In conversations with stakeholders, the Oregon Investment Council, Treasurer Read, and Treasury staff often get asked why the Oregon Public Employees Retirement Fund has holdings in fossil fuel companies, especially when the effects of climate change are already being felt here in Oregon.
Decisions about OPERF and how it’s invested must meet state law, which requires us to prioritize long-term, risk-adjusted investment performance above everything else. OIC members are fiduciaries of the fund – their job is to make decisions that earn returns for the pension fund’s beneficiaries. Decisions that put political or social goals first are not allowed, which is understandable when not every Oregonian would agree about what those decisions might be.
What is allowed – and what guides Treasury’s work when making investment decisions – is better understanding ALL factors that influence and affect the long-term soundness of a particular investment.
For OPERF that means:
- Formalizing the evaluation of environmental, social, and governance factors into our decision-making. We evaluate our managers on everything from the diversity of their leadership team to how well they understand and integrate climate mitigation and adaptation.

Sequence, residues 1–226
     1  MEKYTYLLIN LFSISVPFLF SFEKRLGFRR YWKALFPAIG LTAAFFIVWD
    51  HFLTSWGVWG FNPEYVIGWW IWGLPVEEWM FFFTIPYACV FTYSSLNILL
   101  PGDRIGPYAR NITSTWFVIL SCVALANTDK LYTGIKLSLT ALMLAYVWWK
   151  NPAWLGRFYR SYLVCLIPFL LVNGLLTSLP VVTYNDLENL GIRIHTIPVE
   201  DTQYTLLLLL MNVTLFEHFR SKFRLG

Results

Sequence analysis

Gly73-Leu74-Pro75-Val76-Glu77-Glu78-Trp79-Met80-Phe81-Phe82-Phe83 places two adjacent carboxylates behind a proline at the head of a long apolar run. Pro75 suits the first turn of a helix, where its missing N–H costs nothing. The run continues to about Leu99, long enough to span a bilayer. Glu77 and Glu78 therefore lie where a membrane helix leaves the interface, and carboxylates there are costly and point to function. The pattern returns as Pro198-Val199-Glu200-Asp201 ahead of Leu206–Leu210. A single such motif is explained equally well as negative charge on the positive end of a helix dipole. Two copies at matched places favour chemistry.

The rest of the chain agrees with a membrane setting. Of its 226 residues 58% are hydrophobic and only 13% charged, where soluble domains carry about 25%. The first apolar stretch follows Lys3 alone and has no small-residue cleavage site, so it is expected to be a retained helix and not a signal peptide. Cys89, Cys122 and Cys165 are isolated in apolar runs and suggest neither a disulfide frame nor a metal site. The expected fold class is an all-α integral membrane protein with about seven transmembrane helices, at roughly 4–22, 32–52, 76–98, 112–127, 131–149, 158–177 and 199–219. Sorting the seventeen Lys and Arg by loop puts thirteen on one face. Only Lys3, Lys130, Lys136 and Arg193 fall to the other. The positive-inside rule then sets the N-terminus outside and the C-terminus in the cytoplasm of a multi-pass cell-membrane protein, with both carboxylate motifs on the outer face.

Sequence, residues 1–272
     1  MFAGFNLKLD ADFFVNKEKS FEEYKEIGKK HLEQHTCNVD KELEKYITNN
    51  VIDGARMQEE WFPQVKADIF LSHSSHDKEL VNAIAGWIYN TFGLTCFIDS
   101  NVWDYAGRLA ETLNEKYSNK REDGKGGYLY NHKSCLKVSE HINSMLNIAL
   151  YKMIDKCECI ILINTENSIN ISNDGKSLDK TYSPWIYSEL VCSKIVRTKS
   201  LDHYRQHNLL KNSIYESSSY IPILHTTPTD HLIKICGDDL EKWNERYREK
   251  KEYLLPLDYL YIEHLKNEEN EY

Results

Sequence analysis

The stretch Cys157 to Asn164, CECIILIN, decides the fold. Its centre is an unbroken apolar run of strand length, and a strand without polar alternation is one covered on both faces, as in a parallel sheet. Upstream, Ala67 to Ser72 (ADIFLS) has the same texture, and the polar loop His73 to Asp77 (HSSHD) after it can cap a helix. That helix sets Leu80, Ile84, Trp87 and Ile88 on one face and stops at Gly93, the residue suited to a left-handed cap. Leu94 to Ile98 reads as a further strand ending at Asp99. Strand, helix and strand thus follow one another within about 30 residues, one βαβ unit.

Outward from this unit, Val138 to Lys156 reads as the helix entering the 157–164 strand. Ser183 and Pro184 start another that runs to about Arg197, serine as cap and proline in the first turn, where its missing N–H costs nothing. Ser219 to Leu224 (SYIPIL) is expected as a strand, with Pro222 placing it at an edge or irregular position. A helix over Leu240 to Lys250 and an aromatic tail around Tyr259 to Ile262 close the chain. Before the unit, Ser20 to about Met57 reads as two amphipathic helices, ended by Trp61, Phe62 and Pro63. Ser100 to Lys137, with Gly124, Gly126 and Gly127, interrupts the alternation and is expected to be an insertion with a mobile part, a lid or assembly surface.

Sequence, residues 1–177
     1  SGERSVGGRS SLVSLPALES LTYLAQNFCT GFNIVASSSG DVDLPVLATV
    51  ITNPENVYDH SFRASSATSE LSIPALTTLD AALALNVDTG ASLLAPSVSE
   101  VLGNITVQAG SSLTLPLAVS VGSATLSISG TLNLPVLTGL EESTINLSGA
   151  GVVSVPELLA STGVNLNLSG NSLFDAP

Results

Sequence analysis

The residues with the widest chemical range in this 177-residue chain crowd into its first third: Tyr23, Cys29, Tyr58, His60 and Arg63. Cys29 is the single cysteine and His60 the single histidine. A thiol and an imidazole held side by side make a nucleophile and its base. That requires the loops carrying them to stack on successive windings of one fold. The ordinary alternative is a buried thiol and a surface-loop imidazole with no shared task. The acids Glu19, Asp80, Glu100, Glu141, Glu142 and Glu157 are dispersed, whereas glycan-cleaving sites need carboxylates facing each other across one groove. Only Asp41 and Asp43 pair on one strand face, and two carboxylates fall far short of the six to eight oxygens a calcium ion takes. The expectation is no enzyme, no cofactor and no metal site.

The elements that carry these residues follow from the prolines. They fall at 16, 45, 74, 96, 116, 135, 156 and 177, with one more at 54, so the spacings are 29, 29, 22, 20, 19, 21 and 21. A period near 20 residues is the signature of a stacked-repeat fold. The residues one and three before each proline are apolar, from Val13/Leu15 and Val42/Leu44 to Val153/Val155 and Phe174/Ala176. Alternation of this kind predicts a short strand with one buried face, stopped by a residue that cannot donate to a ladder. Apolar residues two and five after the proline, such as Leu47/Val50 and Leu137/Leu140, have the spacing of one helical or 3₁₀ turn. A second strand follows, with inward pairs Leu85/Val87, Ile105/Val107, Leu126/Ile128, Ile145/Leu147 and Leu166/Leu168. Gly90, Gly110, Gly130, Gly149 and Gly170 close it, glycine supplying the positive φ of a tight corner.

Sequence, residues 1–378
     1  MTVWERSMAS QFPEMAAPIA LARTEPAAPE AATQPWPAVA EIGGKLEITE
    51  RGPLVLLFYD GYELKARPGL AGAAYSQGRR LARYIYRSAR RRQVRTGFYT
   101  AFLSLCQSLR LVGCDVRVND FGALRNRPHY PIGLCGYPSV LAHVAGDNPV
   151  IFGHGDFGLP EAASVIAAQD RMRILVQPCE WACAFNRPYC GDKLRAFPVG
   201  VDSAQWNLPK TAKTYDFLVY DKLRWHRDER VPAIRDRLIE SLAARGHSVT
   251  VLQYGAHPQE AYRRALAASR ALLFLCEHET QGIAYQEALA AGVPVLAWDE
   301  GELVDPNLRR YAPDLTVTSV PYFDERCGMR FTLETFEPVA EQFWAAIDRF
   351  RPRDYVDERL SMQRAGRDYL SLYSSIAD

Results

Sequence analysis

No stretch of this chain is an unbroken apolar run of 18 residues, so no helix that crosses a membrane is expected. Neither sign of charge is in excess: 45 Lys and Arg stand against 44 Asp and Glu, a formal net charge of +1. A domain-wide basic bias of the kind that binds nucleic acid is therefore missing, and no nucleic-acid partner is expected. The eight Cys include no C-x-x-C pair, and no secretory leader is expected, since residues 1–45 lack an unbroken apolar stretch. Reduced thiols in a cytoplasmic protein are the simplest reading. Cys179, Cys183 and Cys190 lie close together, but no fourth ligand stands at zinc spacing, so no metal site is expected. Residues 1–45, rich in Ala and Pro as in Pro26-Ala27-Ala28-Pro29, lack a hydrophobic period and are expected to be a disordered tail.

- Better understanding real-world risks across our asset classes. OPERF investments include a lot of real estate, and we’ve added a climate lens to see how the effects of climate change may affect those properties.
- Measurably increasing our holdings in renewable energy. Between 2014 and 2021, our investments in renewable energy increased from $50 million to more than $800 million.
- Using our seat at the shareholders’ table to advocate for positive change. If we sell stock in a company, that stock doesn’t go away, and there’s a chance that it gets picked up by owners who are less engaged and committed to strong corporate governance.
Our PERS obligations are long-term. Every decision we make is intended to support the long-term viability of the retirement fund for beneficiaries now and well into the future. This means that we don’t approach our holdings focused on one-day issues or even one-year issues: we’re thinking about the 20- and 30-year issues. That’s not so different than how a lot of us look at environmental issues: what we do today has effects 30 years down the line for the planet. We’re very much aware of that as we evaluate investment opportunities, how our investments are allocated, and where we believe we can generate risk-adjusted returns for retirees to meet the obligations the state has to public employees.
Managing risk is one of the key responsibilities of OIC and the Treasury investment team, and there’s no greater risk to Oregon than climate change. Changes to the fund are not going to happen as quickly as some people want. But change is happening, with results that support responsible investing and reflect long-term thinking.
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